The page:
PN Review Print and Online Poetry Magazine
Most Read... Henry Kingon Toby Martinez de las Rivas
(PN Review 244)
Eavan BolandA Lyric Voice at Bay
(PN Review 121)
Vahni CapildeoOn Judging Prizes, & Reading More than Six Really Good Books
(PN Review 237)
Tim Parksin conversation with Natalia Ginzburg
(PN Review 49)
M. Wynn ThomasThe Other Side of the Hedge
(PN Review 239)
Jamie OsbornIn conversation with Sasha Dugdale
(PN Review 240)
Next Issue Alberto Manguel Selbstgefühl New poems by Fleur Adcock, Claudine Toutoungi and Tuesday Shannon James Campbell A Walk through the Times Literary Supplement
Poems Articles Interviews Reports Reviews Contributors
PNR 250 Poetry Archive Banner
PN Review New Issue

This review is taken from PN Review 105, Volume 22 Number 1, September - October 1995.

IS THERE A NEW WAY OF SEEING? JORIE GRAHAM, Materialism (New Jersey: Ecco Press)
RICHARD KENNEY, The Invention of the Zero (New York: Alfred A. Knopf)

Here are new books by two of the most feted of this generation of American poets, poets presumably writing at the height of their powers, currently receiving a drubbing at the hands of critics. 'By the time the poor reader gets to the campy, overwritten notes and acknowledgements, he wants to put on a rope of garlic and drive a stake through the poet's heart,' William Logan unambivalently concludes of Kenney in The New York Times Book Review. Of Graham he is hardly more complimentary: 'she hasn't half her old gift for metaphor, and she tends to write with the coat-tugging insistence of the quietly deranged.'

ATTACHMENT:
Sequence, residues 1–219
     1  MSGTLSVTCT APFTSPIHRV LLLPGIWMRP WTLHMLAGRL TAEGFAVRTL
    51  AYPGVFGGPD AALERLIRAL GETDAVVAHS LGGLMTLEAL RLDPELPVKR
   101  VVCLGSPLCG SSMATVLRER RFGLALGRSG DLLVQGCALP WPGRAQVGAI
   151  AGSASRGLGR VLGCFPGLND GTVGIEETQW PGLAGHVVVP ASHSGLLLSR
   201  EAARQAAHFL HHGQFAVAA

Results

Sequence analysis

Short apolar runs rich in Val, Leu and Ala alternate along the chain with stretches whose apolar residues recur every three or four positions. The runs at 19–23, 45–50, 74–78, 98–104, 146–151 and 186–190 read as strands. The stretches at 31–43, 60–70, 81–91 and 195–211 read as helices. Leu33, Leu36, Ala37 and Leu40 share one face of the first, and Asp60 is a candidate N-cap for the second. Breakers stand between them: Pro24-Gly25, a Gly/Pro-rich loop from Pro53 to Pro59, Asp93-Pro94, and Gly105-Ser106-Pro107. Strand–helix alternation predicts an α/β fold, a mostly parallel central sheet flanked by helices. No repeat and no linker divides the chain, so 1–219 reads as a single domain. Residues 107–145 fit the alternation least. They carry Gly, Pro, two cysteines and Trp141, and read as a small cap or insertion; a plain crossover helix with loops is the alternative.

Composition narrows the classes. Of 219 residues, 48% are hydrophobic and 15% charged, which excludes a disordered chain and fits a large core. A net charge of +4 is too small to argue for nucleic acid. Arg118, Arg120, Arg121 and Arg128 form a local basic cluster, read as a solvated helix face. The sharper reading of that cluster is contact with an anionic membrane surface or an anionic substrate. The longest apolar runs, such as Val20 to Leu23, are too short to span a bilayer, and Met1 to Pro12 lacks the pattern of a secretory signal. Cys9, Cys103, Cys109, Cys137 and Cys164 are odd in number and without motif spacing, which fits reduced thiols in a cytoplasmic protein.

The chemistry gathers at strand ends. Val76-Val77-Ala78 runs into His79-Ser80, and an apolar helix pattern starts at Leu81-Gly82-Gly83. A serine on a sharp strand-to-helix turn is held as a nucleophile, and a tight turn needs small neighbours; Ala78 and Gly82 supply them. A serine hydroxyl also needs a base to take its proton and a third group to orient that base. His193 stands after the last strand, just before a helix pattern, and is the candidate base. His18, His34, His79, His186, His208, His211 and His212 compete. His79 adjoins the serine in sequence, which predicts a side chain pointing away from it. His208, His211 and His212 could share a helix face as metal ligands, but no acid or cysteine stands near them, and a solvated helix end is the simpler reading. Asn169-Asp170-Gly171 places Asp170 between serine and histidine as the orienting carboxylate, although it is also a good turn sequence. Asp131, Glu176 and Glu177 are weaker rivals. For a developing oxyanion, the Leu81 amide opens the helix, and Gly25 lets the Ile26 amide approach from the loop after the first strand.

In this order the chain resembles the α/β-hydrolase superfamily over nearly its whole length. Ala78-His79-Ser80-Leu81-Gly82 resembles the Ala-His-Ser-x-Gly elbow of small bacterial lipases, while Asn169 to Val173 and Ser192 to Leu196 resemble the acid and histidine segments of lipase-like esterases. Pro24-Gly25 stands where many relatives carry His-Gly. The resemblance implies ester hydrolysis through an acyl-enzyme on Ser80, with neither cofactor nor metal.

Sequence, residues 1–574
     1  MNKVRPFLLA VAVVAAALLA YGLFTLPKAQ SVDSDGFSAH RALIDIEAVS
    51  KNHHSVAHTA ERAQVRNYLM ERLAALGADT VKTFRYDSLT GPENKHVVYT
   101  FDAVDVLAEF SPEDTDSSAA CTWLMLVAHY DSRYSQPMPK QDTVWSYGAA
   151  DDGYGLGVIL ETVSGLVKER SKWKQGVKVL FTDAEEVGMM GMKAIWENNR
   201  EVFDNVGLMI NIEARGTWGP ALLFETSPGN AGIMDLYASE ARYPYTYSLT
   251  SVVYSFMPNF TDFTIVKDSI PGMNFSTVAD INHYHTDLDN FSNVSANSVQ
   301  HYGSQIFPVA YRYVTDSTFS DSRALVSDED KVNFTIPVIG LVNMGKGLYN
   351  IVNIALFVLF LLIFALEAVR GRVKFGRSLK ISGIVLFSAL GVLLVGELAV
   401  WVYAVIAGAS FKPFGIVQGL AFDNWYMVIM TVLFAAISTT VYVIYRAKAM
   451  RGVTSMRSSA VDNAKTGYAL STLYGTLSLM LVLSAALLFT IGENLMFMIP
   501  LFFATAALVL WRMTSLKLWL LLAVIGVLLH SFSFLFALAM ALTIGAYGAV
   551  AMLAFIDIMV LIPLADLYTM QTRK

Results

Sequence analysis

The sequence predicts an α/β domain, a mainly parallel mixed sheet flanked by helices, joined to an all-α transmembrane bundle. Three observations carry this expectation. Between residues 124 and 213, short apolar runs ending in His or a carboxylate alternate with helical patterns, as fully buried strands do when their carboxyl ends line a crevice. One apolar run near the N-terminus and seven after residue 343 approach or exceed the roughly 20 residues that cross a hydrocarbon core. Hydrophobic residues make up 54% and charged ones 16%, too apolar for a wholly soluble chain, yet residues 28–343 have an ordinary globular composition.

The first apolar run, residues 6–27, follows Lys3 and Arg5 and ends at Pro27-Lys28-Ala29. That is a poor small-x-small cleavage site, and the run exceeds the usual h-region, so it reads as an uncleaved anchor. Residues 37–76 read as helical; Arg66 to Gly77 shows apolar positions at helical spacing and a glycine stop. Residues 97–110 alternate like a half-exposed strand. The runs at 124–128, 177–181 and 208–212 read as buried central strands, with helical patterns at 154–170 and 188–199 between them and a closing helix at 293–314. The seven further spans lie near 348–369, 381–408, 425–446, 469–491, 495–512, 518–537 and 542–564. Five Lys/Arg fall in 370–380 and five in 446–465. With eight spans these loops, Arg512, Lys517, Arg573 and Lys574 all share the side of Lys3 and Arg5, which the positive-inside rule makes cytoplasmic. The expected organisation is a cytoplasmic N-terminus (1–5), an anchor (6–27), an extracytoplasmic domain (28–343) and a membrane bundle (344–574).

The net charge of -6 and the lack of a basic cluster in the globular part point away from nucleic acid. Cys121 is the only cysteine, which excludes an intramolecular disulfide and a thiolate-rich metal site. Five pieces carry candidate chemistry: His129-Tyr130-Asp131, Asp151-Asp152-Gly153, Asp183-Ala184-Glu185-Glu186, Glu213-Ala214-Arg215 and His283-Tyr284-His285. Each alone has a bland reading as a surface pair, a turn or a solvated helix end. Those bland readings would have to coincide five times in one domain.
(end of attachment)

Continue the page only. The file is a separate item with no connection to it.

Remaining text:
Susan Lasher's more civil but equally unsympathetic review of The Invention of the Zero (Pamassus Volume 19, no 2) describes Kenney's language as 'oblique discourse resembling modernisms weirdest collocations', 'an absurd but incredibly energetic hodgepodge' compressed 'to a density that leaves little room for air'. Ultimately dismissing Zero for its lack of invention of 'either a language or a self (though eccentric diction is among her complaints), she calls Kenney a 'show-off and concludes: 'you feel a bit as if you'd been had'.

These reviews caused me some chagrin because both books, though difficult, were tastes I'd worked sedulously to acquire. Indeed, I'd written an ecstatically favourable review of them which had been rejected twice, both times by editors who confided in postscript their own dislike of the books. The praise I had heaped upon Graham and Kenney was ...

Searching, please wait... animated waiting image